It will go back further. Once they’d done Please Please Me (which had two hits), The Beatles were strict about separating albums and singles, avoiding the two hits, two B-sides and eight fillers template that had dominated pop and rock albums. There are no singles on Beatles For Sale, Rubber Soul or Revolver. The Rolling Stones followed … there are no singles on their early albums either.
On a personal note, I played the first two Beatles and Stones albums continuously. They were a major step for me, and most of the people I knew, from singles to LPs. The Rolling Stones was for many musicians and fans a primer in R&B … R&B 101. It sent us looking for their sources, and that meant albums. I don’t know how many it sold, but The Blues Volume 1 compilation on Pye International was a bible for budding R&B groups. If you wanted to explore Chuck Berry and Bo Diddley, LPs were the way.
What cemented it was Bob Dylan. In 1964 I bought four Bob Dylan LPs … in my perverse and reverse order of purchase they were Times They Are A-Changing (1963), Freewheelin’ (1962) then Bob Dylan (1961). I went chronological finally with Another Side of Bob Dylan and haven’t stopped since. With Dylan, singles were then irrelevant. The folk boom around 1964-1965 sent people to albums too … and as you will see below Joan Baez had Top Ten hit LPs.
The album chart was less interesting to rock fans because in the UK, the teens and early twenties mainly bought singles and EPs and at the start of the Sixties (which most people place as late 1962) LPs were an older audience. EPs did very well in Europe because LPs were comparatively more expensive than America (in time worked to buy one) and EPs were like buying an LP in instalments.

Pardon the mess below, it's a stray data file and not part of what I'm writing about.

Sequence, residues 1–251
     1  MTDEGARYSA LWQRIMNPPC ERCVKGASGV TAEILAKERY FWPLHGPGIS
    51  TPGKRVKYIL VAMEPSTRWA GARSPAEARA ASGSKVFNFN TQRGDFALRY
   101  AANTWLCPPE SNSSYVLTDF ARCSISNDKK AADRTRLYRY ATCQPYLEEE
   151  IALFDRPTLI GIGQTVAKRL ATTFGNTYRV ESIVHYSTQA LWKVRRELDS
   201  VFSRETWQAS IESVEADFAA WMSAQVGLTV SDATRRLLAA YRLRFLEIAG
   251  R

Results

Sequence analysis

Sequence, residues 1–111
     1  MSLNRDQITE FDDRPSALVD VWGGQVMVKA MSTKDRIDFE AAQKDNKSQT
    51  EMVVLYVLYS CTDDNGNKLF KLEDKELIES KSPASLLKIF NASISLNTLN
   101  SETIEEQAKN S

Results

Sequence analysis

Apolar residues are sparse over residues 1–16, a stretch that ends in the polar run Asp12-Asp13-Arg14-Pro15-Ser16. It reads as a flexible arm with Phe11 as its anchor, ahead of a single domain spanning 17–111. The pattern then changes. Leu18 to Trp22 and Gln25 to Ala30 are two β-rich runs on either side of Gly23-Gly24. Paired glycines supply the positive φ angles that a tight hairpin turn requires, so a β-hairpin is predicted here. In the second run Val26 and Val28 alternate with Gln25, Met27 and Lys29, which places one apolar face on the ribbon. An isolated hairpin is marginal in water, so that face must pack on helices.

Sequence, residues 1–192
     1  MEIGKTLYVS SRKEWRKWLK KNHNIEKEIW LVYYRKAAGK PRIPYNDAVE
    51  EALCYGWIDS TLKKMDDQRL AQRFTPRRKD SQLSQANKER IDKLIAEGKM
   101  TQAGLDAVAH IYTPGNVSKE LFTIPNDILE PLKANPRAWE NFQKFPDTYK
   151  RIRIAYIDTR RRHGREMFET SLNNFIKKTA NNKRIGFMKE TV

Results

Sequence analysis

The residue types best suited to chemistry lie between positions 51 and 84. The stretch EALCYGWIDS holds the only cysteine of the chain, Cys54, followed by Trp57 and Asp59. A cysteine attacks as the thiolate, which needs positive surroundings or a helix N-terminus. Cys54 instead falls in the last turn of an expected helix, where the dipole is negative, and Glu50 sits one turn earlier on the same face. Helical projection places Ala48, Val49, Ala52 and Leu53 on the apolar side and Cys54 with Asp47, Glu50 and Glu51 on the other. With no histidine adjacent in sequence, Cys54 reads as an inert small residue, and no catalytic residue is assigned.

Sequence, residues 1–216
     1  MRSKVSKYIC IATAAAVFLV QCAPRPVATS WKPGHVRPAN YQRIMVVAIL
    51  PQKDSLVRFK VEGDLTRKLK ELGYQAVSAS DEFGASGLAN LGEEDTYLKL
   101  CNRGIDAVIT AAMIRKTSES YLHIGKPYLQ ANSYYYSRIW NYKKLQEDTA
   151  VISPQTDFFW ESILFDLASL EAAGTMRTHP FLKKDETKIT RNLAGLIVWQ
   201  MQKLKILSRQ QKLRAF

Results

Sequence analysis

Album charts were fare less volatile. We measure how many weeks a single is in the chart. With albums, months and even years are a better measure.
The singles charts were manipulated, fixed a little. The labels and pluggers didn’t bother to manipulate album charts. It was all very well packing ten girls in a minibus with 6/8d (33p) a shot to buy singles from chart reporting shops. 32/6d (152,5p) for an LP was a more costly exercise. The LP chart was not widely reported or prominently displayed, and the LP buyers weren’t interested in a record simply because it had a high chart placing.
The music papers of the time reflect the style of the album charts, as well as their relative importance to pop/rock buyers.
New Musical Express introduced an album chart on 9 June 1962, with Elvis Presley’s Blue Hawaii at #1. West Side Story was #2, and there was no earlier chart to compare, but West Side Story topped the album chart for seventeen weeks over the next year, sometimes slipping back to #2 before recovering.